Tuesday, November 27, 2012

A Feminist Wedding: The Budget

When I got engaged, I think I secretly thought that somehow the amazing-party-planner inside me would just emerge. That I would know whether my invitations look better printed on white or ecru, how to pick a good florist, plan a party with perfect flow, and learn all the secrets of Photoshop. I quickly learned, however, that my little ring was not full of magical powers. And that the only thing you really learn when you get engaged is that weddings are insanely expensive.

I think I also assumed that if I went into the wedding planning process not demanding the most expensive things and not buying into the idea that I had to buy all the things (customized hangars! garters! sparklers! mustache props!) that my wedding wouldn't cost that much. But the problem is, no matter how much you don't want the most expensive things or think it shouldn't cost too much, the people in the wedding industry think that it should cost an absolute ton. Around $27,000 to be exact.

According to USA Today, the Knot.com, and the Wedding Channel, the average couple spends around $27,000 on their wedding. $27,000! That is the average. And that is a ton of money! Here is where they say that money goes:

Because the average couple spends $27,000 on their wedding, people stare at you like you are some kind of crazy person when you say that $3,000 for photography is out of your budget, that $1,000 for a DJ seems ridiculous, or that $35 for a bouquet of baby's breath seems like a little much (they are $5 a bunch at Whole Foods people). I thought spending less on flowers would be easy, but when I started looking at florists, half of them had minimums of $1,500. I couldn't even choose to use less flowers or use less expensive flowers. It felt like I was being forced into spending money I didn't want to spend on things I didn't even want. And indeed, isn't that half the point of the wedding industrial complex? To make you feel like you HAVE TO spend a ton of money (or set ridiculous minimums and prices to basically force you into spending it)?

Brett and I knew from the beginning that we didn't want to spend a ton of money on our wedding. And that we absolutely would not accrue any credit card debt to pay for the wedding. One of the first things we did after getting engaged - before I looked at a single dress or venue - was think about what we wanted our wedding budget to look like. For us, that meant not just thinking about what we could afford, but also what we thought was an ethical amount to spend on what is essentially one night and one party (albeit a very meaningful and special party). For us, $27,000 just seemed to high. And to be honest, for Brett, almost any amount was too high. We had a few difficult conversations about what seemed ethical and right for both of us and struggled with the fact that what seemed "reasonable" to us was still probably considered a waste of money to people all over the world. We both felt guilty that we were spending money on a party when other people lack food, shelter, and clothing.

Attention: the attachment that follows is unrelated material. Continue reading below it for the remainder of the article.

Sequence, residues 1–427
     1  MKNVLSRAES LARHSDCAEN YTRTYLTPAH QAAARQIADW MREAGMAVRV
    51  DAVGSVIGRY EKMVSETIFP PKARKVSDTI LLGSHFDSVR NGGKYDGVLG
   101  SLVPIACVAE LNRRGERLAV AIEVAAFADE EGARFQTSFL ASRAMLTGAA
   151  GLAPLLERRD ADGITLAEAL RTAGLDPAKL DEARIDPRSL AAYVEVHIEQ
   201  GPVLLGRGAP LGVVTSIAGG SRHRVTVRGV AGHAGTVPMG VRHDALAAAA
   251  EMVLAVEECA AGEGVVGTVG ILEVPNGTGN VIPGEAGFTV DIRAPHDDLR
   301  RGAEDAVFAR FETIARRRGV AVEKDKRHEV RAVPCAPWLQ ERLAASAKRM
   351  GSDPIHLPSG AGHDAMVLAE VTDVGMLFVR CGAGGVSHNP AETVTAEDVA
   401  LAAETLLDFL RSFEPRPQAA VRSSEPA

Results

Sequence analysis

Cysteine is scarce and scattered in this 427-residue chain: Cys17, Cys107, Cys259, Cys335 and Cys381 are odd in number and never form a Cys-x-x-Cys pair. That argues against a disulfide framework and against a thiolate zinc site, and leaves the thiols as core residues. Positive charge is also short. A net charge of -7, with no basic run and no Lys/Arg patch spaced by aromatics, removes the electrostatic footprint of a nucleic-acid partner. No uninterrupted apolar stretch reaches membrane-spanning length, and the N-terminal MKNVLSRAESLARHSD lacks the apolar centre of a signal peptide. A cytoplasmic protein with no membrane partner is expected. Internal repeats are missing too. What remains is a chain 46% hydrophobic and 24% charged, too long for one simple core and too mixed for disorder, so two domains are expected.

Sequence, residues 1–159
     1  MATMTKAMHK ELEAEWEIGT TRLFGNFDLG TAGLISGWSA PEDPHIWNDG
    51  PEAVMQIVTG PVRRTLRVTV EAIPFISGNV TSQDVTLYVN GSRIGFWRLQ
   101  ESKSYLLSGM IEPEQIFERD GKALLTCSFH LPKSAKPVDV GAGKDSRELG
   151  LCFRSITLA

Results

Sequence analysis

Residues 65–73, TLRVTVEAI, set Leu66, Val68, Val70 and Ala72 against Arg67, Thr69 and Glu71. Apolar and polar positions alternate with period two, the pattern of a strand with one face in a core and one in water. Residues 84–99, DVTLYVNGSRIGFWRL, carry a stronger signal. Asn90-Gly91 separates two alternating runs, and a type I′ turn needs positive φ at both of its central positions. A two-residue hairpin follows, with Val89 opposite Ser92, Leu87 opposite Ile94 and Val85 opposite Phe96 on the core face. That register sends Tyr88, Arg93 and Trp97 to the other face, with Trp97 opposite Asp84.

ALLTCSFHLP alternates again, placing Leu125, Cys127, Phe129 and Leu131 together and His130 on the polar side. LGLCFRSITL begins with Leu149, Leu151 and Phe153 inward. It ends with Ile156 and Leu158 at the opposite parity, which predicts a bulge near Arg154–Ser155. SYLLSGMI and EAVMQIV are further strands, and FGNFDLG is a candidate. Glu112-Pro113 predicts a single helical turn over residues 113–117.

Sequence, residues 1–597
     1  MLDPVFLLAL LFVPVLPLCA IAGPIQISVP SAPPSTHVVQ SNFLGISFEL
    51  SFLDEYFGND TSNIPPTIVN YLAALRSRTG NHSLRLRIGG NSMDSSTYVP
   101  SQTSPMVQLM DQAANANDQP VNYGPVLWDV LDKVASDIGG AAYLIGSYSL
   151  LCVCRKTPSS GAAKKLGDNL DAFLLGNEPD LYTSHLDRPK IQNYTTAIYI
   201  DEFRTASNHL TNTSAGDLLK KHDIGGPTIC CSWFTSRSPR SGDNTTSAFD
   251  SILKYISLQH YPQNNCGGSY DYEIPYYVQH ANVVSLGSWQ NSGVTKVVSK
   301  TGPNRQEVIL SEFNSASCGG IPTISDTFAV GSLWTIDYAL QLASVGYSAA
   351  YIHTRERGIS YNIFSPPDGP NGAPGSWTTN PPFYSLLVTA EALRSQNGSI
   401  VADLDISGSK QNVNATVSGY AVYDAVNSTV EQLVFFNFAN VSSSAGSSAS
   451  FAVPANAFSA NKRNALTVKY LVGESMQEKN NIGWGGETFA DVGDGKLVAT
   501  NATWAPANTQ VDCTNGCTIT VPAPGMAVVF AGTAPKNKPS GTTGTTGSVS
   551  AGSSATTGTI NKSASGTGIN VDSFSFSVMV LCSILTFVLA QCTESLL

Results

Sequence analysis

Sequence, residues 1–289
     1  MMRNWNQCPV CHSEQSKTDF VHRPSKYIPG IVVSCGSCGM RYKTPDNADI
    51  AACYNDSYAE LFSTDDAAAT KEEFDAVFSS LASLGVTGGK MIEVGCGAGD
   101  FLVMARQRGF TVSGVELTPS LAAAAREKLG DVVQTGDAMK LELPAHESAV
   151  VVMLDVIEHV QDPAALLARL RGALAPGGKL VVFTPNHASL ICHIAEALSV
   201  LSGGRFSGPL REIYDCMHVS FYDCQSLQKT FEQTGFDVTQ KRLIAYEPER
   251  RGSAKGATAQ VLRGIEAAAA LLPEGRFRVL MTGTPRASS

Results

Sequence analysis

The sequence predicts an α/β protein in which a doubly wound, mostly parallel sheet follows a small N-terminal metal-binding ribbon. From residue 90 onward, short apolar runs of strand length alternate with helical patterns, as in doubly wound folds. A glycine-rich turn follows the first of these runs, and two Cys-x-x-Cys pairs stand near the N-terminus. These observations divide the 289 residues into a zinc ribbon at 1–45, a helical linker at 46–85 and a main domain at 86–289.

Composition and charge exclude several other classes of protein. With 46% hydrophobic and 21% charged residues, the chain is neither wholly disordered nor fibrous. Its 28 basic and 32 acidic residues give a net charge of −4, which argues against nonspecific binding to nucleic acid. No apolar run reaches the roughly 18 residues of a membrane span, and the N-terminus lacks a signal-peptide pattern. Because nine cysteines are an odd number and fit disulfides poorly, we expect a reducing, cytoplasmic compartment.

But ultimately, we want a wedding. We want to be able to invite our closest family and friends, feed them yummy food, give them a space and some music to dance their little hearts out, and dress up a little. And that costs money. So we came up with a number much lower than $27,000 that we felt comfortable with and that, luckily, our parents felt comfortable contributing. Because let's be honest, Brett and I have no money and quite a bit of student loans. If our parents weren't contributing to our wedding, this wedding blog series would go something like: "I bought a little white dress. Brett put on a blazer. I picked up a bouquet of flowers. We went to the courthouse and got married. We celebrated by drinking margaritas and eating lots of cake." And while that actually sounds quite awesome, it wouldn't involve all the people, yummy food, and dancing that we'd like to have.